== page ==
The Myth of the Design Studio

The little literature there is on the sacred cow that is the architectural design studio learning experience invariably begins with an attempt to account for why there is a so little literature. The following is good example:

So why this absence of literature on the pedagogic underpinnings of design teaching and its relationship to practice? When asked this question, it is common for design tutors to suggest that theory is not needed because design teaching is, and should be, intuitive. When pressed, they tend to substantiate their position as intuitive ‘expert’ teachers for one or more of the following reasons:

> because they went through the experience of design studio as students, therefore they have an understanding of what is involved in teaching and how to go about it.

> team teaching promotes good teaching practice through observing and sharing good practice with other teachers.

> expert practitioners (architects) automatically make good teachers.

One also finds a general suspicion of theory and a certain defensiveness about the ‘elusive’ nature of the design process, a reaction which appears to be based on the suspicion that theory will necessarily lead to empirical reductivism and as a consequence an impoverishment of the rich and complex creative processes.”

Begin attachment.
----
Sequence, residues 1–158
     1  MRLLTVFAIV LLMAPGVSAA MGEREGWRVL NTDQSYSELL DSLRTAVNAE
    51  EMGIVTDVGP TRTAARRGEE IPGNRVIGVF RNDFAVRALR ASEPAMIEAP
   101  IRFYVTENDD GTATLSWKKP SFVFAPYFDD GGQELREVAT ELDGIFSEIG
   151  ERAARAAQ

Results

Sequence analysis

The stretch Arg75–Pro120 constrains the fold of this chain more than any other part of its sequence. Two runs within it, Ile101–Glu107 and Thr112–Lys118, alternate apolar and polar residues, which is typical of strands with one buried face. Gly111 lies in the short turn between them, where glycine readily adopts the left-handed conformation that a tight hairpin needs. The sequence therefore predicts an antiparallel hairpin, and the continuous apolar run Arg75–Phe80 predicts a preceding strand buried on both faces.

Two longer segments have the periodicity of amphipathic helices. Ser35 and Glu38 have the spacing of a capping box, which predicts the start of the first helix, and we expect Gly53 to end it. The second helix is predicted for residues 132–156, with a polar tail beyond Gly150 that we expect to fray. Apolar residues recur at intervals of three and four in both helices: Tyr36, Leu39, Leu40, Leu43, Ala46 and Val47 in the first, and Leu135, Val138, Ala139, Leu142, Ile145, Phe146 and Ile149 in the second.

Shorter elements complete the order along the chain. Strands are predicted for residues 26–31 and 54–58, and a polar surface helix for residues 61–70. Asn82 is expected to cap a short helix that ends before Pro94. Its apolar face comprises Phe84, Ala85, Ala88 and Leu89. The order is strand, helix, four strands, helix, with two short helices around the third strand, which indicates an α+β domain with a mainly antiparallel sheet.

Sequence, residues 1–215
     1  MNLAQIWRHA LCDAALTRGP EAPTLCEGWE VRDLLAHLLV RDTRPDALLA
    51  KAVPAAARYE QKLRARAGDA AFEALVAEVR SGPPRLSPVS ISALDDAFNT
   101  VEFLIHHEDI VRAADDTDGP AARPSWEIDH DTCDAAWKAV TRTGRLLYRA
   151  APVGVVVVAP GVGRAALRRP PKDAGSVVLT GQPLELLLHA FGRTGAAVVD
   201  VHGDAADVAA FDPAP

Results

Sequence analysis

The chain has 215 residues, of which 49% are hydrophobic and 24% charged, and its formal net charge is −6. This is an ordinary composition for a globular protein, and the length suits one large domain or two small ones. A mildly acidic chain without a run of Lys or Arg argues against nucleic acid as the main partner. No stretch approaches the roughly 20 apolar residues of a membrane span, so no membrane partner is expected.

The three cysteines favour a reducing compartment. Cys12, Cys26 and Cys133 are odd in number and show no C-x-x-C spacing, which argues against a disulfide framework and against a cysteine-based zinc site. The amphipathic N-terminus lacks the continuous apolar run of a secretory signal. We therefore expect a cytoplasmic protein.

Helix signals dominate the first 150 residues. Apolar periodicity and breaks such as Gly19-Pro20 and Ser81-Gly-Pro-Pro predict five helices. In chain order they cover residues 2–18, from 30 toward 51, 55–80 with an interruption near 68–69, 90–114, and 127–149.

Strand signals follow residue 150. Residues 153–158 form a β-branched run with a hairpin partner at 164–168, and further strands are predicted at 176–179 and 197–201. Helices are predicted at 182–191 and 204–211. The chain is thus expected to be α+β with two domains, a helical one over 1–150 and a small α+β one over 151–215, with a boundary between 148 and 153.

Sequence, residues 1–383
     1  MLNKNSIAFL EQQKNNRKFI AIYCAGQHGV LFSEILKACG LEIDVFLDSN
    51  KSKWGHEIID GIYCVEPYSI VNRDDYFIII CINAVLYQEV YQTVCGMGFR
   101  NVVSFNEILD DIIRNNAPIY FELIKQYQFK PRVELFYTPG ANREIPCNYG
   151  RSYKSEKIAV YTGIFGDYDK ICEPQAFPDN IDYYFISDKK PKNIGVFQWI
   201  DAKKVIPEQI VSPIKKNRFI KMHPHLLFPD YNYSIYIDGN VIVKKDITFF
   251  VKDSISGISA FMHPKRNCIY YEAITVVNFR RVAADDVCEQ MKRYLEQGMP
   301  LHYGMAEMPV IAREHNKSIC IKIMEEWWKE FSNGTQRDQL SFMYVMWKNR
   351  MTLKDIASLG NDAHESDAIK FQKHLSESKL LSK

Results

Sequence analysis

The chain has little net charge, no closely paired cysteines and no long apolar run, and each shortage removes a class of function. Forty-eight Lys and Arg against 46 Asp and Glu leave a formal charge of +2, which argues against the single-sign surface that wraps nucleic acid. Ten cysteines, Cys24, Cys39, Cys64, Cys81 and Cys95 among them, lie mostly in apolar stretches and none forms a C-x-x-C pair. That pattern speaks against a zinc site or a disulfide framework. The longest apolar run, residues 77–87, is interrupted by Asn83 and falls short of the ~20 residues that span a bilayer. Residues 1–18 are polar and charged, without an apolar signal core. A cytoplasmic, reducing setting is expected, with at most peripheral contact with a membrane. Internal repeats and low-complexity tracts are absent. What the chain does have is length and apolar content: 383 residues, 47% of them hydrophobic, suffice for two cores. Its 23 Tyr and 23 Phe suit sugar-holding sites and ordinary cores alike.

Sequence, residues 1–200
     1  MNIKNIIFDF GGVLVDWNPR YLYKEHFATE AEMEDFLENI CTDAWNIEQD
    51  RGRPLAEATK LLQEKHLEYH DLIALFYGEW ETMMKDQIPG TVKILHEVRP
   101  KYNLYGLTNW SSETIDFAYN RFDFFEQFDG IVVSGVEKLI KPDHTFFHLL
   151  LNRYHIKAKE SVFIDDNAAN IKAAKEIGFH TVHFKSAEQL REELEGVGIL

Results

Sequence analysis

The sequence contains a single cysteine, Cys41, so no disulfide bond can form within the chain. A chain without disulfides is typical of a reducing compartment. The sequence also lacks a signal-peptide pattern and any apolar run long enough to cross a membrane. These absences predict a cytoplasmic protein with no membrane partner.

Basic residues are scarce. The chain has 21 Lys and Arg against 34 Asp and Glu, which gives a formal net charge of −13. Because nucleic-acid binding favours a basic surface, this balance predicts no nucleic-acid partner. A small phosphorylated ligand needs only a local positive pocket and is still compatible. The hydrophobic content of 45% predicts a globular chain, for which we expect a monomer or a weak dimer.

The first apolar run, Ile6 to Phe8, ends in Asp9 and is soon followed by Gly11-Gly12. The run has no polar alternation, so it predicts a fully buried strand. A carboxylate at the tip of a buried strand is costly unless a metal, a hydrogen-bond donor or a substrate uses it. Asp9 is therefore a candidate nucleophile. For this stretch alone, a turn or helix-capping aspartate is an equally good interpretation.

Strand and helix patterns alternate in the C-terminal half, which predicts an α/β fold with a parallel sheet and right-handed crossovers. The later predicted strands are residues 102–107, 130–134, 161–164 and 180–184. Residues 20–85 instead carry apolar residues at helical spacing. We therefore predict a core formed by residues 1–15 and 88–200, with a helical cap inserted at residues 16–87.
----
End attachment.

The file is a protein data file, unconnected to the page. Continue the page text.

Helena Webster “The Design Diary: Promoting Reflective Practice in the Design Studio”

Even better is this psychoanalytic diagnosis for the absence of discourse:

The absence of any serious discussion of the interaction that takes place in design studio education between students and faculty is surprising. This silence, itself, suggests a defensive response—the uncertainty and ambiguity that we all experienced as students in design studio, and the fear that went along with it are not something we want to remember or re-experience, let alone discuss. We may think that the vulnerability that all students experience in design studio is something that we have put behind ourselves as faculty. But, even successful practitioners and successful educators may recall what they actually experienced in design studio education (the risk, the uncertainty, the vulnerability) with some trepidation. In front of the students we instruct, we want to look confident and in control—we fear that they may see behind the mask and that they might recognize that every time we teach design studio our own identification with the students we teach may re-energize all those old emotions (the ones we ourselves experienced as students in studio) that we had thought we had left behind.

Jeffrey Ochsner “Behind the Mask: A Psychoanalytic Account of Interaction in the Design Studio” Journal of Architectural Education Vol.53 No.4 (May 2000)

For design discourse to mature, the heart of design, the studio, must be subject to rigorous critical exposure.


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